McLean County To Hold In-Person Hearings On Redistricting
McLean County government will soon hold its first in-person meetings in more than a year as the county begins its once-a-decade remapping of County Board districts.The board on Thursday unanimously approved a change to its rules to allow for the nine-member Executive Committee and the public to appear in person in the County Board room (Room 400 of the Government Center, Bloomington) or virtually during three meetings in the coming weeks.
They are scheduled for 4:30 p.m. Tuesday, April 20; 4:30 p.m. Monday, April 26; and 7 p.m. Monday, May 3.
“We think it’s more workable, somebody could come in and sit down and present their case,” said County Board Chairman John McIntyre, adding the county will closely adhere to COVID protocols given the recent surge in coronavirus cases.
The board has approved keeping all other meetings virtual through the end of May.
McIntyre said the county plans to use U.S. Census data to guide how the county will establish its county board districts for the next 10 years, though he said the county doesn't have all the Census data it needs yet and it's not clear when the county will get it.
Currently, the county has two board members in each of 10 districts. Seven of the 10 districts include parts of Bloomington-Normal. Republicans hold 11 of the 20 seats, though Democrats have made gains in the last several elections.
McIntyre said he wants to ensure the process enables the county board to reflect the diversity of the county’s population, such as “representing university students, rural areas, representing impoverished areas versus affluent areas.”
The redistricting process is guided by the executive committee that has eight Republicans and one Democrat. The panel is comprised of chairpersons from each of County Board committees.
McIntyre, a Republican, said redistricting is inherently political, but noted the county should aim for fairness.
“It’s a reality of this whole political thing until the state passes a Fair Maps representation, but we do want to be objective,” he said.
McIntyre said he allocates committee assignments and committee chairs based on experience. The turnover on the county board in recent years has been mostly among Democrats.
McIntyre said members of the public who want to address the board must submit their request to the county 24 hours in advance. He said the county will schedule additional hearings if needed to accommodate everyone.
McIntyre said the executive committee plans to present final redistricting plans to the full county board for a vote on May 13.
The county is required to have its redistricting done place by July 1 for the 2022 elections, though McIntyre indicated the state of Illinois may delay that since the state has not provided counties with all of its census data yet.
In another matter, board member Sharon Chung called out McIntyre for not signing a statement she requested calling for the county to denounce violence against Asian Americans, in response to the murder of several Asian-American women in Atlanta last month.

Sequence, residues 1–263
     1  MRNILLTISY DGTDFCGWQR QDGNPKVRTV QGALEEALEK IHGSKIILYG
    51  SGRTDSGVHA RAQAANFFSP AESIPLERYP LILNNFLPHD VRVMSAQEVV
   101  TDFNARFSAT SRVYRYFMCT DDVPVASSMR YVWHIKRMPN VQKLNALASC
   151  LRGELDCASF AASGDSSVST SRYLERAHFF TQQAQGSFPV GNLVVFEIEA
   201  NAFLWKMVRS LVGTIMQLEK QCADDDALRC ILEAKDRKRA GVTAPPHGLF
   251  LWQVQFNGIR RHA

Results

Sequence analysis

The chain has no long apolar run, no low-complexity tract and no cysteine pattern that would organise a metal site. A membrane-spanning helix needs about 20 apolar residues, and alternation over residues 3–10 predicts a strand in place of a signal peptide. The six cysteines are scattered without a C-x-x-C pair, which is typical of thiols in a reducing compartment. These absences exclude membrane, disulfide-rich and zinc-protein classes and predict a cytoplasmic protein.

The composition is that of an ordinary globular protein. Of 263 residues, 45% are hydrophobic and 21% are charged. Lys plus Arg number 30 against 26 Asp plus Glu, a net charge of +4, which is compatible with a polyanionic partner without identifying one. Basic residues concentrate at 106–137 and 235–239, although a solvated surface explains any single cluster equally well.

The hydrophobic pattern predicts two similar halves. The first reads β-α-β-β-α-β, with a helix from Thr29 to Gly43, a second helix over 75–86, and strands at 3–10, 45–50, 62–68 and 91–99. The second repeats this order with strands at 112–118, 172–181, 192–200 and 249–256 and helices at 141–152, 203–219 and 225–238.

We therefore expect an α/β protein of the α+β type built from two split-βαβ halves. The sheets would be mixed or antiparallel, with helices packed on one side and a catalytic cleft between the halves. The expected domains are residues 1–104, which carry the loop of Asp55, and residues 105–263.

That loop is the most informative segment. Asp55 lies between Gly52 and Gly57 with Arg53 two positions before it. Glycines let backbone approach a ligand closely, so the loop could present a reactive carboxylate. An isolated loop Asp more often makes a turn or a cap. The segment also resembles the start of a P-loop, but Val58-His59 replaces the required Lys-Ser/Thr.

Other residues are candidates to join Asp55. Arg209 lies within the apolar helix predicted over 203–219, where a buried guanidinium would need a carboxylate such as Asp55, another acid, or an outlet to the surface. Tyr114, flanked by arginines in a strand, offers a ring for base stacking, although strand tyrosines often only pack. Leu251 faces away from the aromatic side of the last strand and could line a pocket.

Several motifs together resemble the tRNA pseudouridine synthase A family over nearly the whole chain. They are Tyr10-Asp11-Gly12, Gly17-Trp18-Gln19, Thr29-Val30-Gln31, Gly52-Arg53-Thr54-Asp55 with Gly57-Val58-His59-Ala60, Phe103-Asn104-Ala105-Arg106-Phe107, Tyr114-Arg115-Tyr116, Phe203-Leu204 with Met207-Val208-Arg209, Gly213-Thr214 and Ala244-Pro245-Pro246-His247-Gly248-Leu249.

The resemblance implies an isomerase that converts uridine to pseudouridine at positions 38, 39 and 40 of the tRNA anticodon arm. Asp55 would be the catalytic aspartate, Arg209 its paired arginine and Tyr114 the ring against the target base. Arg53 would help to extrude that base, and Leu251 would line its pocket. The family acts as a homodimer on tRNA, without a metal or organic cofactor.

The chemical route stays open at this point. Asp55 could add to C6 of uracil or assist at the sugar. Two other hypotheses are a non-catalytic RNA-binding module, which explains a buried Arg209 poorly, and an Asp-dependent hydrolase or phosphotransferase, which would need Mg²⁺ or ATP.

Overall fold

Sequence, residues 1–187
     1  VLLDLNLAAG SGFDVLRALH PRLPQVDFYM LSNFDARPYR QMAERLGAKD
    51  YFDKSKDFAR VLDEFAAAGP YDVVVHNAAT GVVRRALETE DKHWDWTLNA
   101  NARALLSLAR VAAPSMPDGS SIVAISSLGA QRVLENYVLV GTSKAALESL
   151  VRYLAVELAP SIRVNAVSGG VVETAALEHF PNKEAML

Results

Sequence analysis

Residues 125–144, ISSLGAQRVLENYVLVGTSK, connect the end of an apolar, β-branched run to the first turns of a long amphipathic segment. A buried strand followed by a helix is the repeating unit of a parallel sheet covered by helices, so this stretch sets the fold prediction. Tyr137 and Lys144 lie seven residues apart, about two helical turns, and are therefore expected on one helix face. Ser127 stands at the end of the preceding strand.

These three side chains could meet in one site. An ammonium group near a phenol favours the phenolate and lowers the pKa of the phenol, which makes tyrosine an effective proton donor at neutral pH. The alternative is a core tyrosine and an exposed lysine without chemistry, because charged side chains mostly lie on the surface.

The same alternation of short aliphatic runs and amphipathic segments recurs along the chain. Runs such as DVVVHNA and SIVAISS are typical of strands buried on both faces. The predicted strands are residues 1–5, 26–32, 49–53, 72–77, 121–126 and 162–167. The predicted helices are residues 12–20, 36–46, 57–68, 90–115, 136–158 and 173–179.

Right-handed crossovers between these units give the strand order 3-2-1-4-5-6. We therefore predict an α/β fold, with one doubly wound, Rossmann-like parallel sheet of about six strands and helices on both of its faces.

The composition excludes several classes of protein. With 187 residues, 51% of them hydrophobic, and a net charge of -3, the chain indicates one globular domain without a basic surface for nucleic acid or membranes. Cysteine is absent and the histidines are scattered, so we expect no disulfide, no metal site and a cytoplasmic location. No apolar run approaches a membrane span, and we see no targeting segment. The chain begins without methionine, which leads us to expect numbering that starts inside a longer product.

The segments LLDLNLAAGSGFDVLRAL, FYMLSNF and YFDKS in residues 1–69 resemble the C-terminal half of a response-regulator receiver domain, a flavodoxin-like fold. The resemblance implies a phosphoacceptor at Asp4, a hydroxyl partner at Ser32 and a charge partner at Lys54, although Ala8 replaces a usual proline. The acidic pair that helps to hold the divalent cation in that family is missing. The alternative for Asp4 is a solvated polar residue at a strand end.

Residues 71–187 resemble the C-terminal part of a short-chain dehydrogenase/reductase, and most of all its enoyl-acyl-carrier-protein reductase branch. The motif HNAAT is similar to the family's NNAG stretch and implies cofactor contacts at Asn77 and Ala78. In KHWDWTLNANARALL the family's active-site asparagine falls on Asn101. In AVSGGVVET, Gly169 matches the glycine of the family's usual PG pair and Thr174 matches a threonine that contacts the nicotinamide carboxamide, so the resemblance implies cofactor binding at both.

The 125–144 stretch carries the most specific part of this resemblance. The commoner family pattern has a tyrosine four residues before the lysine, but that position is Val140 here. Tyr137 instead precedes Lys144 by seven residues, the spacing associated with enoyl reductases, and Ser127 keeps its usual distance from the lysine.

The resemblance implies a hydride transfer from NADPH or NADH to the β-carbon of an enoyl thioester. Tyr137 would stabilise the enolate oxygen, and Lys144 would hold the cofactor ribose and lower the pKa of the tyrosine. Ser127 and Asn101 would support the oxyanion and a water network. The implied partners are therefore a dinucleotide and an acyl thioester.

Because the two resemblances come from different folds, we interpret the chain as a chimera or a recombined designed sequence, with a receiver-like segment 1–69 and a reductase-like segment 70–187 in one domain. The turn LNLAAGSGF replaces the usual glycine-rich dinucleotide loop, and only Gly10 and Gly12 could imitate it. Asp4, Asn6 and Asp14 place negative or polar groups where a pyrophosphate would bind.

“My faith has truly been shaken in this past year because if you can’t even respect a fellow county board member, the only person of color on this 20-person board, what does that mean for the rest of the marginalized people in this community,” Chung said.
McIntyre indicated he wasn’t aware of Chung’s request and said he wanted to speak with her about it to resolve the issue.
“I don’t know whether it was a proclamation submitted that our office missed, but I will guarantee you if there was something, but obviously we want to be fair to all different types of people in this country,” McIntyre said after the meeting, adding the county could take up the proclamation next month.
Chung also said she felt “shock and horror to her core” when she saw a recent social media post that featured an unnamed county board member that referenced offensive language directed toward Asian American women.
She said after she publicly raised concerns for herself and her elderly parents following the shootings in Atlanta, she was disappointed she has heard no “remorse or apologies” from five county board members who voted against removing a reference to China in a COVID-19 emergency ordinance the County Board approved last March.
The board also unanimously approved the county’s participation in the Innovation Network, a collaboration among Bloomington, Normal, Illinois State and Illinois Wesleyan universities.
The agreement provides a framework for the government bodies and the universities to build on technology improvements in the community and to attract and retain workers in technology fields.
The City of Bloomington signed off on the pact on Monday.
Editor's note: WGLT corrected this story to reflect the social media post Chung referenced was not from a County Board member.
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